Main Findings: From the perspective of the caregivers, the core process in the development of the patient-physician relationship was protection. This process began as a result of the caregiver's recognition of the patient's vulnerability and moved through a number of stages before resulting in the development of a dynamic triangular interaction between the patient, caregiver, and family physician. First, the caregiver provides extreme nurturing to the patient, which results in the development of a strong bond between them. The patient and caregiver approached the family physician together as one unit, and then decided together on whether or not to open the patient-caregiver bond to the physician. The resultant dynamic triangular interaction formed the starting point from which 1 of 4 different relationship-development trajectories began. Which trajectory was taken and, therefore, the character of the relationships that developed was determined by how the caregiver and patient experienced their interaction with the family physician.

Conclusion: Findings highlight the process of protection and the centrality of the patient-caregiver bond within the development of a triadic relationship involving the patient with IDD, the caregiver, and the family physician. How a physician approaches this bond can influence the trajectory of the resulting relationship.
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http://www.ncbi.nlm.nih.gov/pmc/articles/PMC5906777PMC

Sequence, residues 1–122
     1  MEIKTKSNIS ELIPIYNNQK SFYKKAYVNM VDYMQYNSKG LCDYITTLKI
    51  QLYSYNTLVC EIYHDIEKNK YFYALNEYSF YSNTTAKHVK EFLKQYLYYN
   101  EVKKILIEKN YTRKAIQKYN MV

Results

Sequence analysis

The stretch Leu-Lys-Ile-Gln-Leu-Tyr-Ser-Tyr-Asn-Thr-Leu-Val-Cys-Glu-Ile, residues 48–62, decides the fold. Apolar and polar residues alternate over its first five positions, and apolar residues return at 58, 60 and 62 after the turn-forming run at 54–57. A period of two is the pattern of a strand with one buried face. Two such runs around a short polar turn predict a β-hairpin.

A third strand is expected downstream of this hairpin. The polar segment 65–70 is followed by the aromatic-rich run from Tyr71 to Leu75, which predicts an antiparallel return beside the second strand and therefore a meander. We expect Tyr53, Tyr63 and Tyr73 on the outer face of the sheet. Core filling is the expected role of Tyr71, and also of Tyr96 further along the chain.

April 2018

Patients' perceptions of access to primary care: Analysis of the QUALICOPC Patient Experiences Survey.

Can Fam Physician 2018 03;64(3):212-220

Associate Professor at the Institute of Health Policy, Management and Evaluation at the University of Toronto in Ontario, Research Scientist at the Toronto Rehabilitation Institute, and Adjunct Scientist at the Institute for Clinical Evaluative Sciences.

Objective: To gain a more comprehensive understanding of patients' perceptions of access to their primary care practice and how these relate to patient characteristics.

Design: Cross-sectional study.

Setting: Ontario.

Participants: Adult primary care patients in Ontario (N = 1698) completing the Quality and Costs of Primary Care (QUALICOPC) Patient Experiences Survey.

Main Outcome Measures: Responses to 11 access-related survey items, analyzed both individually and as a Composite Access Score (CAS).

Results: The mean (SD) CAS was 1.78 (0.16) (the highest possible CAS was 2 and the lowest was 1). Most patients (68%) waited more than 1 day for their appointment. By far most (96%) stated that it was easy to obtain their appointment and that they obtained that appointment as soon as they wanted to (87%). There were no statistically significant relationships between CAS and sex, language fluency, income, education, frequency of emergency department use, or chronic disease status. A higher CAS was associated with being older and being born in Canada, better self-reported health, and increased frequency of visits to a doctor.